Experts say you should avoid these foods before a workout
There are some surprisingly 'healthy' foods on this list
We've long been told that breakfast is the most important meal of the day, but that could be false. What you eat before a workout is arguably more significant.
The foods you eat before and after training can make or break your workout. Just like a car, your body needs the right fuel otherwise it won't perform properly.
Some of these foods may appear to be healthy, and many of them are nutritious. They might just be better left to a different time of day.
There's one main rule of them when it comes to selecting a pre-workout meal, or snack - avoid the two Fs: fat and fibre.
Both of these food groups work wonders for your body at specific times, but they're best avoided before and after a workout. Protein and simple carbohydrates make for a much better choice before hitting the gym.
So what should you avoid eating before a workout? This is what experts at Trimtone think:
Foods to avoid before a workout
1. Brown rice
A staple of many old school bodybuilding routines, brown rice may not be the optimal choice for a post-workout meal.
It's high in fibre, which is vital for your digestive system, but this can cause an upset stomach if consumed too close to a workout window.
Perhaps the trendiest and most Instagrammable toast topping of all time, avocados are best avoided before training.
This tasty fruit is jam-packed full of nutrients, and is a great source of healthy monosaturated fats. However, these fats – although they're generally 'good' for you – will still take a while to digest. Mid session, you don't want to be cramping up when you're hitting a heavy squat session.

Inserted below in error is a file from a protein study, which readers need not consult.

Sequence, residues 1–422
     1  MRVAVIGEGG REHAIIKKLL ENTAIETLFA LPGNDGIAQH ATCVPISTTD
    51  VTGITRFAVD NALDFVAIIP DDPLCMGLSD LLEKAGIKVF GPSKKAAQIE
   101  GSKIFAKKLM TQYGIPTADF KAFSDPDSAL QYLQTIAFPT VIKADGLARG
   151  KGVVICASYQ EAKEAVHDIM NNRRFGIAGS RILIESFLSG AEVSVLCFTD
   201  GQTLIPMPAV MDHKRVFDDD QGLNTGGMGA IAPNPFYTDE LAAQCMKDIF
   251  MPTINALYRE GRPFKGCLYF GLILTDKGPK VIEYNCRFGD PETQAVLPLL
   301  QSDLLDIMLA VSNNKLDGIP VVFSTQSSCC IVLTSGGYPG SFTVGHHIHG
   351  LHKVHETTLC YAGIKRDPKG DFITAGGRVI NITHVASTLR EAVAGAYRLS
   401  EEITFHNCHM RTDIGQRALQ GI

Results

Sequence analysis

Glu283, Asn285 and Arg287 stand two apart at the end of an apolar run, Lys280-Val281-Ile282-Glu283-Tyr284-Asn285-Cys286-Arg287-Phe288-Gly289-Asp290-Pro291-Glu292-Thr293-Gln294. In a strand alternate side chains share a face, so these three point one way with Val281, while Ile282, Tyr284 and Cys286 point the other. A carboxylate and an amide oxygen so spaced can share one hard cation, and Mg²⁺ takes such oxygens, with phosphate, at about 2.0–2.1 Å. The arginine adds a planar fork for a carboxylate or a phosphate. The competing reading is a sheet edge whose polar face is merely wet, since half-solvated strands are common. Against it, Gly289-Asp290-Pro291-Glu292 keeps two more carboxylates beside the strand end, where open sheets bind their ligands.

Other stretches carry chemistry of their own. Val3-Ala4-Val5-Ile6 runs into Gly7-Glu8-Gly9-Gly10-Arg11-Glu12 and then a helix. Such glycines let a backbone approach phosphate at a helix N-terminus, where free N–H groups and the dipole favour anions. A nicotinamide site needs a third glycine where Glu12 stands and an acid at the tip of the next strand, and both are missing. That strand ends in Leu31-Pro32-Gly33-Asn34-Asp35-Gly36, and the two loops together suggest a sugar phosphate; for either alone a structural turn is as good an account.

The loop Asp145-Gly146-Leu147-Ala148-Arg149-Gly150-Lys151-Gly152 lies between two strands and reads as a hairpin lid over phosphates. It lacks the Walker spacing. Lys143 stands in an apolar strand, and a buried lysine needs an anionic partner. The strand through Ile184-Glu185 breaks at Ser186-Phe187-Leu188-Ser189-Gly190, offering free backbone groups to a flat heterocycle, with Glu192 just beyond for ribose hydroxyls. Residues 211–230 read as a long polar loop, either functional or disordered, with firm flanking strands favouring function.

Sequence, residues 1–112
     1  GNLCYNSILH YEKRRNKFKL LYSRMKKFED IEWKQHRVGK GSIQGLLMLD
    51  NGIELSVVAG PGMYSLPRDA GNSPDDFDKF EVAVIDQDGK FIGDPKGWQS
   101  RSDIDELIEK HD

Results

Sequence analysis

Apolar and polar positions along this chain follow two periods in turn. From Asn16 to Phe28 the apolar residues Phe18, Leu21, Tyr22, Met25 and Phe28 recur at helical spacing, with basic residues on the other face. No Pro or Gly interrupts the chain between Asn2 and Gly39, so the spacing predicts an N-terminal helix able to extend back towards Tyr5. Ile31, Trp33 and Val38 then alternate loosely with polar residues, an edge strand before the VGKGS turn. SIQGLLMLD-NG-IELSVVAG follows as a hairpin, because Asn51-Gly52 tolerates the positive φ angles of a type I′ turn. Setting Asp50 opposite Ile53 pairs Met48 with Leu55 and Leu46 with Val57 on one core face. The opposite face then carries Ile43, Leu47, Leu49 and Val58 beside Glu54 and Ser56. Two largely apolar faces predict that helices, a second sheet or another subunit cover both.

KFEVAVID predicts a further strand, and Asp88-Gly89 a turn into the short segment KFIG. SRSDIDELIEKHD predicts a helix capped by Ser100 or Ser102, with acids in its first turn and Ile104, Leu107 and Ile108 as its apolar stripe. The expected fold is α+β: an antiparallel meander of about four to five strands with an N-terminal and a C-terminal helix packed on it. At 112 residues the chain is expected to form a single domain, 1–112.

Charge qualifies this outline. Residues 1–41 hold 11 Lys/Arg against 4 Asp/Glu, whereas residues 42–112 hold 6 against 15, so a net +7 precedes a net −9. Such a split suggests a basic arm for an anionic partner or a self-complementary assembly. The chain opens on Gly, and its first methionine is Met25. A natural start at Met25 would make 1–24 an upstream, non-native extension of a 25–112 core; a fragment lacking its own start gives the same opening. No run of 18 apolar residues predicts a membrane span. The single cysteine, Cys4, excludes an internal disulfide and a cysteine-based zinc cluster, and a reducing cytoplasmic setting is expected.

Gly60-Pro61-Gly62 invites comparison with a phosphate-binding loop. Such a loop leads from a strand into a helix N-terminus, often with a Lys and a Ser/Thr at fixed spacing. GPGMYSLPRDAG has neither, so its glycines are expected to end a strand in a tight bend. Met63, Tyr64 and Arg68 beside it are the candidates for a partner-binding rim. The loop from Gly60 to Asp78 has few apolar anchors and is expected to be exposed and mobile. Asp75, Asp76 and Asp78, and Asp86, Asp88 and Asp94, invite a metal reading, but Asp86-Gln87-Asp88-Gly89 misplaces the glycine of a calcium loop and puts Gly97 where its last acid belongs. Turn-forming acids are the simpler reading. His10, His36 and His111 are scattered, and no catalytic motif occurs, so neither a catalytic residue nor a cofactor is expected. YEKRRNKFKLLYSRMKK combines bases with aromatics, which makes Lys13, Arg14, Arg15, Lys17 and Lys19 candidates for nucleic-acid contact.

3. Green bananas
Bananas are a great pre-workout snack. They are rich in vitamins and minerals and are also a great source of potassium.
Just make sure they are ripe. Green, unripe bananas contain a high level of starch which can be difficult to digest and can cause bloating.
4. Rice cakes
'What's wrong with a low-calorie filling snack?' you might ask?
Not a lot, if you're on a diet. But rice cakes don't provide your body with much energy and don't really fill you up. Calories provide your body with energy, so if you're on a diet you're actually better off loading most of your daily calories around training.
Hummus is made from chickpeas, which on their own are a great source of plant-based protein. However, the end product of hummus is high in fat, which takes a while to get digested in the body. When you're working out, you need a fuel source that's rapidly absorbed instead.
6. Foods with added salt
Adding a sprinkle of sea salt to some meals is fine, but foods which contain a high level of sodium (particularly with added salt) are best avoided around a workout.
Too much salt before a workout can throw your electrolyte balance off kilter, affecting energy levels and hydration. Not great, if you're looking for optimal muscle function.
Salted peanuts, beef jerky and supermarket ready meals are some of the worst culprits.
7. Wholemeal bread
This is much better than white bread, right? While that's true, the timing of what you eat is more important than the food itself in this case.
Wholegrain bread is a great source of fibre, and a much better alternative to its nutrient-lacking relative white bread. However, with its high fibre content and large concentration of complex carbs, it's best avoided before training. It can be difficult to digest and remain heavy in your stomach – exactly the opposite of how you want to feel at the gym.